David Koenig, The Associated Press, June 02, 2015
DALLAS (AP) — Airlines are trying to save time by speeding up a part of flying that creates delays even before the plane leaves the gate: the boarding process.
This summer travel season, Delta plans to preload carry-on bags above passengers' seats on some flights. Southwest wants to get families seated together more quickly.
Airlines have tinkered with different boarding systems almost since the days of Orville and Wilbur Wright, who tossed a coin to decide who would fly first aboard their biplane. Plenty of people have offered ideas for improvement, but no perfect method has ever emerged.
Most airlines let first-class and other elite customers board first. After that, some carriers fill the rear rows and work toward the front. Others fill window seats and work toward the aisle. Some use a combination of the two. Airlines have also tried other tricks, like letting people board early if they do not have aisle-clogging carry-on bags.
It's not trivial stuff. With many flights full, anxious passengers know that boarding late means there might not be any room left in the overhead bin.
And it matters to the airlines. Slow boarding creates delays, which mean missed connections, unhappy customers and extra costs.
Researchers from Northern Illinois University once figured that every extra minute that a plane stands idle at the gate adds $30 in costs. About 1 in 4 U.S. flights runs at least 15 minutes late. Multiply that by thousands of flights each day, and it quickly adds up for the industry.
Delta's Early Valet service will offer to have airline employees take carry-on bags at the gate and put them in the bins above assigned seats. The airline wants to see if its own workers can load the bins faster than passengers.
The service began Monday on about two dozen flights, and that number is expected to rise steadily during June, Delta spokeswoman Morgan Durrant said.
Early Valet will be offered through August on some departures from Delta's busiest airports — Atlanta, New York, Los Angeles, Detroit, Minneapolis, Salt Lake City and Seattle.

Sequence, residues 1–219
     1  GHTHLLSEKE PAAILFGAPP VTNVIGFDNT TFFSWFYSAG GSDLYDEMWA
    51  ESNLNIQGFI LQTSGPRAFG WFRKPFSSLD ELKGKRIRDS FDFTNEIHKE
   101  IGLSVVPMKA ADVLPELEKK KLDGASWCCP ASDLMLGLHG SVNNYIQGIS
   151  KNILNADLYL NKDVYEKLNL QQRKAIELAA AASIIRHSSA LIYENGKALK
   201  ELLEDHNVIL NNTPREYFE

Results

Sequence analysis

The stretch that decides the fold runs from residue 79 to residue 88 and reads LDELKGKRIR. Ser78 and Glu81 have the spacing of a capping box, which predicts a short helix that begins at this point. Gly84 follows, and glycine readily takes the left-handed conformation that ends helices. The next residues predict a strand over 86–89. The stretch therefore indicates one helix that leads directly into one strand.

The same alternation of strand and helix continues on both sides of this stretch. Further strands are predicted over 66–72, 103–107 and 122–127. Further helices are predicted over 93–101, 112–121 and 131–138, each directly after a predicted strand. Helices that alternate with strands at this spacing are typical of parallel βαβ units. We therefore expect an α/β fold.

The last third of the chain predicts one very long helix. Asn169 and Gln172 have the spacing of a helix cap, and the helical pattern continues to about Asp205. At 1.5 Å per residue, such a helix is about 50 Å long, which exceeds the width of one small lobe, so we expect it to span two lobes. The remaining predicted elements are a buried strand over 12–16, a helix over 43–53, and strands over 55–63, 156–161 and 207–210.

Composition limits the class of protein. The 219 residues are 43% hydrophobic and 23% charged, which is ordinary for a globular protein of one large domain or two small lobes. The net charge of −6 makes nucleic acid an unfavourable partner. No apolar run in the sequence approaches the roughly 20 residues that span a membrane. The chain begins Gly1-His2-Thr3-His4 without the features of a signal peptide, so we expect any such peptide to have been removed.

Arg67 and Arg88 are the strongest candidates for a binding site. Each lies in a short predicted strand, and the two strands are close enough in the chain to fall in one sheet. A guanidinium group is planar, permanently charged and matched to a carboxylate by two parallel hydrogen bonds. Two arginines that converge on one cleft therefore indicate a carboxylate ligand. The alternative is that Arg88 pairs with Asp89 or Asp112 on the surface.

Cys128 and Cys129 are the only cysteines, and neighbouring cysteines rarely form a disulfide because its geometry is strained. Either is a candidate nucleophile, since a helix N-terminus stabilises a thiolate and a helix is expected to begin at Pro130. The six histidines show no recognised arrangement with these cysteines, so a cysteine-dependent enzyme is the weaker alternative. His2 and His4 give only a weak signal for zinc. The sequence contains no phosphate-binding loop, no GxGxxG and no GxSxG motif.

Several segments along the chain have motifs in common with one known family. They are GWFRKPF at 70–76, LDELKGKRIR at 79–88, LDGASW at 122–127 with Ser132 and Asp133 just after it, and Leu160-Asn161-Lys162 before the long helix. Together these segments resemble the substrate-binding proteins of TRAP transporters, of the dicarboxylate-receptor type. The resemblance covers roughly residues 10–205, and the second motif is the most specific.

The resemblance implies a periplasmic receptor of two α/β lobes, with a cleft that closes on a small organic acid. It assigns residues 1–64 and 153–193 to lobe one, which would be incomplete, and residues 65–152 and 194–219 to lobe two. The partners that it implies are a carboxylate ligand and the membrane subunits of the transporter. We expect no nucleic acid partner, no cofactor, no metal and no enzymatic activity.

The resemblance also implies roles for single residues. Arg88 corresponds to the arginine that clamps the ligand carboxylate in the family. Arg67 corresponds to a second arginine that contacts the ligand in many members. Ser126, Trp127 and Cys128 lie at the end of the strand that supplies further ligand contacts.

It will be available only on flights that typically have a high number of vacationers. Presumably, business travelers know how to board a plane efficiently. Specially tagged bags will be stowed on the plane before boarding begins, Durrant said.
Delta tested the process last summer in Atlanta and Los Angeles and saw some reduction in boarding time, Durrant said.
Gary Leff, co-founder of frequent-flier website MilePoint, said the service will be the biggest help to passengers in the final boarding groups — the ones most likely to find the overhead bins full. Their bags will go in the cabin instead of being gate-checked as cargo.
"This has the potential to come across as a nice, high-end service," Leff said, "but I'm skeptical that it will go mainstream" because of labor costs.
Southwest Airlines wants to reduce complaints that families can't find seats together because flights are so crowded.
Unlike most airlines, Southwest does not offer assigned seats. Instead, passengers line up at the gate by group — first "A," then "B'' and finally "C'' — and pick their seat once they are on the plane. The system lets families board together after the "A'' group, but only with children up to 4. Some families pay extra for priority boarding to improve their odds.
Flight attendants often have to ask other passengers to move to accommodate older children or families that don't get to the gate on time. That usually works, said Teresa Laraba, a senior vice president who oversees customer service, but Southwest recently tested expanding family boarding to include children up to 6, 8 or 11.
"We've always tried to finesse it," Laraba said, but the test is designed to see "if there is a tweak that would improve the overall experience for everyone."
The airline is now surveying customers and expects to make a decision in a few weeks, she said.
This article was written by David Koenig from The Associated Press and was legally licensed through the NewsCred publisher network.